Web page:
A part of the sun has broken off and was swept up in a polar vortex. Scientists say it’s not as dangerous as it sounds.
ASMA KHALID, HOST:
Did a piece of the sun really break off recently? A massive solar flare has raised that question, and Scott McIntosh took it on. He’s deputy director at the National Center for Atmospheric Research, and he says the answer is yes.
SCOTT MCINTOSH: Bits of the sun of various sizes break off all the time. You know, the sun’s outer atmosphere is like a churning, bubbling cauldron, right? And occasionally, stuff heats and cools and gets ejected out of the atmosphere. Some of it falls back down and cools, and some of it goes off into interplanetary space.
STEVE INSKEEP, HOST:
McIntosh says plasma can form a large loop on the sun’s surface. When that happens, it’s called a solar prominence, and they are common. Although, this recent one that’s getting all the attention was different.
MCINTOSH: Sure, we see lots of these guys on the edge of the sun, and we see them doing their little circular dance. But this guy, it was the whole thing, right? The whole thing lifted off and went around.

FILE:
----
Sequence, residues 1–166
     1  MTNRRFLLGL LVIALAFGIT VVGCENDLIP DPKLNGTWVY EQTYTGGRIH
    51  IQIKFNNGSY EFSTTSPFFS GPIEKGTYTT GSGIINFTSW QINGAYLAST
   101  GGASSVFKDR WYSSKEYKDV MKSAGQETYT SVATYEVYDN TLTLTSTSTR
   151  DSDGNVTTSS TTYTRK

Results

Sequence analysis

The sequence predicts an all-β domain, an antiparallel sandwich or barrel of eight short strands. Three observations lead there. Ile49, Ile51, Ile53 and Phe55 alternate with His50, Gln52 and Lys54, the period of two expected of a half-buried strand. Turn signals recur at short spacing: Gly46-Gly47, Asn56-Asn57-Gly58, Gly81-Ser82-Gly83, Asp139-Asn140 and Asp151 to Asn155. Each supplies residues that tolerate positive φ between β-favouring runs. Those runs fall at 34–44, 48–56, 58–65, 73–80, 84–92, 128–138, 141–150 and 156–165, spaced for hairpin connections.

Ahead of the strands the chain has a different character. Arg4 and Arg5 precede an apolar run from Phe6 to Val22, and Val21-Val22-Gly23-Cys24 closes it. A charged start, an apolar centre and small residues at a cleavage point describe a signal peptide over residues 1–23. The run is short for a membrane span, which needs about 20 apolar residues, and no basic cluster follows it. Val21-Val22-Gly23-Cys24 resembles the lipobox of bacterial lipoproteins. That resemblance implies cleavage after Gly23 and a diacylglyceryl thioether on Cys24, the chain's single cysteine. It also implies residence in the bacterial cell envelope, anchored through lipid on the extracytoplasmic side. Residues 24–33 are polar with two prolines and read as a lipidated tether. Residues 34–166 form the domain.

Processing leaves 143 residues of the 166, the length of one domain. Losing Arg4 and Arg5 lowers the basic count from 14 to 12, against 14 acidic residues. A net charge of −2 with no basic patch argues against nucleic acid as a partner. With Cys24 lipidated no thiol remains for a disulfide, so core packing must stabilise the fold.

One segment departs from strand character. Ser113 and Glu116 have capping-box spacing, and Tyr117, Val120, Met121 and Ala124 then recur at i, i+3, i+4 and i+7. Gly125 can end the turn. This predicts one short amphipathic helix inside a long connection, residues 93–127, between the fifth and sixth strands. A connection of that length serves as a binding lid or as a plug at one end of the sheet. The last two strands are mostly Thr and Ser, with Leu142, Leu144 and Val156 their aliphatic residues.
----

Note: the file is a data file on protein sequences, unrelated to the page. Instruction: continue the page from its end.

INSKEEP: I love the personification. This guy lifted off. Now McIntosh is wondering what caused this unique solar vortex.
MCINTOSH: We have a strong suspicion that what happens at the sun’s poles – because it reverses its magnetic field every 22 years, about every 11 years, there’s a sign change at the poles. Something in that polar reversal process, we call it, is tied to how the sun’s magnetic field works, which is the thing that propagates through the whole solar system.
KHALID: While scientists keep looking for answers, do not be alarmed. McIntosh assures us this stuff poses no risk to us people down here on Earth.
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